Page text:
Monday, September 2, 2019

September rez Posted

Read the September issue of rez in Issuu:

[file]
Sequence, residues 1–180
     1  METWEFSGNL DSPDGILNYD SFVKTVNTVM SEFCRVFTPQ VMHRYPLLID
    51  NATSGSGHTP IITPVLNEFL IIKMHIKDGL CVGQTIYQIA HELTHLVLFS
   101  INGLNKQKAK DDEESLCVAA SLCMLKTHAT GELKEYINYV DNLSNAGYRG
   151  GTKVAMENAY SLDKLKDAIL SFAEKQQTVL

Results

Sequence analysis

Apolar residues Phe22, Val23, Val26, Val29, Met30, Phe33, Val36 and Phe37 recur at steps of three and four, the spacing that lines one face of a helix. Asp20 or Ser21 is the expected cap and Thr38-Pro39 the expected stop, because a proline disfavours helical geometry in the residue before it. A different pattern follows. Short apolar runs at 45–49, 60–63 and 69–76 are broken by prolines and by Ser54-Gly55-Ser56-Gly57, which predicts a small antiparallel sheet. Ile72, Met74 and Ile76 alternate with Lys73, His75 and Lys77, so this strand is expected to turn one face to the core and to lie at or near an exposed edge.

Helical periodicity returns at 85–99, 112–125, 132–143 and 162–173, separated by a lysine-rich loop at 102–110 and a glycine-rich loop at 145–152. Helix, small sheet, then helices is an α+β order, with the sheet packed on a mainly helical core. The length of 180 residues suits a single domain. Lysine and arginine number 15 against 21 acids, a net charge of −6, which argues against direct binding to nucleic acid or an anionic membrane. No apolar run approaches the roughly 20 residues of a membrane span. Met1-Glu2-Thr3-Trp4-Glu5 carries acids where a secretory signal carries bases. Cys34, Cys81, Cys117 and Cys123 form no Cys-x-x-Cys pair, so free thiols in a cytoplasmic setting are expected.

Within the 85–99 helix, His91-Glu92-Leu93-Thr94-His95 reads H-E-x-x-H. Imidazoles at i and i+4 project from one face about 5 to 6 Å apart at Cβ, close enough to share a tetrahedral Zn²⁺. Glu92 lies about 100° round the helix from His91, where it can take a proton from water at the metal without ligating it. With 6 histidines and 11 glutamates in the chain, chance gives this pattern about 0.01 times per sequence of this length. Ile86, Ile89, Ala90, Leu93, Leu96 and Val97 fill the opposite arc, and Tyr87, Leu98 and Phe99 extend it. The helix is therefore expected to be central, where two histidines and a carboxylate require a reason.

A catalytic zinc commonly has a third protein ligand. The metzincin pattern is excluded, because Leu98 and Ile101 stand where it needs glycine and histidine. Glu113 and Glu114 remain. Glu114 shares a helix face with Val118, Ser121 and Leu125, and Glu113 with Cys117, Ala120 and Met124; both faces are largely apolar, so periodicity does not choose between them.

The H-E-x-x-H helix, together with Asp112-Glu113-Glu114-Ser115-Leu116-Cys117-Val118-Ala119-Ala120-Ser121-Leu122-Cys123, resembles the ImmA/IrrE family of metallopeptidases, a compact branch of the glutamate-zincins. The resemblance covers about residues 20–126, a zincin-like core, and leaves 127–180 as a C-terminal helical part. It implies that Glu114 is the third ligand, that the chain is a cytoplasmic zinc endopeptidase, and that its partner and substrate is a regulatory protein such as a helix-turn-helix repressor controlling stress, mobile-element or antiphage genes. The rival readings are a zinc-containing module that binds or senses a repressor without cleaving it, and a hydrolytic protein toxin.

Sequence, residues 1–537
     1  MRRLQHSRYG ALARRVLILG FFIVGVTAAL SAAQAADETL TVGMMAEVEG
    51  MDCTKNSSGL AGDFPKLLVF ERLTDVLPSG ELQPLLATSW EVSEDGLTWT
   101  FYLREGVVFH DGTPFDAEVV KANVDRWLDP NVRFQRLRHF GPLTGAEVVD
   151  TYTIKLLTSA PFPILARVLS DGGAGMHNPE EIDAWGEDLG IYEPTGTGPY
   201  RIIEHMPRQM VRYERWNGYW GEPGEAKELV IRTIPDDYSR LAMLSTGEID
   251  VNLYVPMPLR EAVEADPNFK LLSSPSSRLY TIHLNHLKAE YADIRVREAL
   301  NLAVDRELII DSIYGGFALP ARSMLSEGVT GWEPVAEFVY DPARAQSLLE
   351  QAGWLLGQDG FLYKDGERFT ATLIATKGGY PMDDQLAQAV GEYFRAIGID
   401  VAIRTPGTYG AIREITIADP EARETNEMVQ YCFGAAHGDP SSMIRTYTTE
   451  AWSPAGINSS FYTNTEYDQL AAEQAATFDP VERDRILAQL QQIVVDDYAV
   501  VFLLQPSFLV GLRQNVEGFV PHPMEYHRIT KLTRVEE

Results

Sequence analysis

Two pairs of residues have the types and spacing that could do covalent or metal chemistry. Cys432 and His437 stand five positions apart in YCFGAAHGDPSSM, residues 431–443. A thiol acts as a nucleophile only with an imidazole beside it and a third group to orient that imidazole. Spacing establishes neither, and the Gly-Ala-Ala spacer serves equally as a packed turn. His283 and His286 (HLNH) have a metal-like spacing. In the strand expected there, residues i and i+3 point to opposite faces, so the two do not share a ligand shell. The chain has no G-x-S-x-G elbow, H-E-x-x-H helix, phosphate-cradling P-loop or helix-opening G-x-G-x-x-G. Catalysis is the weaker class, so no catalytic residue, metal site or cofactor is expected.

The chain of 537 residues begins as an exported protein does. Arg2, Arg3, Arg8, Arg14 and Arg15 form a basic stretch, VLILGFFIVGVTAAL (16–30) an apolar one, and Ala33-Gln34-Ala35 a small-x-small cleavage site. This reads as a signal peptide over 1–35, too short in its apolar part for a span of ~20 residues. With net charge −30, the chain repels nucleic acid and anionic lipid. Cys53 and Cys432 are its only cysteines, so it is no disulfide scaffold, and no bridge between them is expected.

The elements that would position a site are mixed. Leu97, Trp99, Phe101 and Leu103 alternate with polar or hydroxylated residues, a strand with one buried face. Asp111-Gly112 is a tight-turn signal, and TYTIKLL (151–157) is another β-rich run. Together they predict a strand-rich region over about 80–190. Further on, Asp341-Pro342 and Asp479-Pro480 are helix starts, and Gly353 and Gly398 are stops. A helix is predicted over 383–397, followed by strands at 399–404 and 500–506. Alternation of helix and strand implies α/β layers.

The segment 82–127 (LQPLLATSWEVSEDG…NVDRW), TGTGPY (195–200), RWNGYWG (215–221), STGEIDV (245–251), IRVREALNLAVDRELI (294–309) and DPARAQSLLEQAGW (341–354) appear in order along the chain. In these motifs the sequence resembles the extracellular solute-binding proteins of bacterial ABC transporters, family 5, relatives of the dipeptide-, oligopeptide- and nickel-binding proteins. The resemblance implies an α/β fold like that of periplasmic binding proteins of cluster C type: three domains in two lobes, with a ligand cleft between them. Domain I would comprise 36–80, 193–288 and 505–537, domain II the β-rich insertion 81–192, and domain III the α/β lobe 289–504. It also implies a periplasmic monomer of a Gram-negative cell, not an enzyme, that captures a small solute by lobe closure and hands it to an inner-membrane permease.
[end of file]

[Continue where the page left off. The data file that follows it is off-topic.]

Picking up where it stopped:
As summer chugs along, we’re all making our way through our summer reading list. And here’s the September issue of rez just in the nick of time.  We start this month’s issue off with a bang: Singh Albatros returns to us with a remarkable parable about a boy and a bird. The Boy That Would Be Bird is beautifully written and deeply moving. In The New Linden Home Saga, our intrepid cub reporter, Barbie Starr, investigates the intrigue of obtaining a free Linden home with the new Premium membership and takes us step by step through the arduous process. No issue of rez would be complete without an offering by RoseDrop Rust. This month, Rusty visits the anguish of another mass shooting in America with a powerful poem El Paso – A Sacrifice of Hippies. It’s difficult to read, but read it we must. rakshowes adds a brilliant poem Fire that is full of passion, heat and energy. You’ll be seeing more of rakshowes in future issues. With The Uplink: Under Control, Seclifer brings us an essay on Making Lies Great Again, Code, ancient Greece, and much, much more. In another powerful and personal poem, Sunday Morning, Jullianna Juliesse comes to terms with a failed relationship with such grace and resolve. On a lighter note, Trinana Peach brings us Peppermints and Butterflies, a happy poem about frolicking youth and how it passes all too soon.  TimAqua, who writes so beautifully about so many subjects turns his attention to the subject of love in Love Will Find Her Way.  Simply breathtaking. And last and perhaps fittingly, Art Blue asks Why Not Nuke Them All? With Hurricane Dorian bearing down on the Eastern Seaboard, it’s a timely question.  Please enjoy reading this issue as much as we’ve enjoyed publishing it.  Until next month, have fun reading!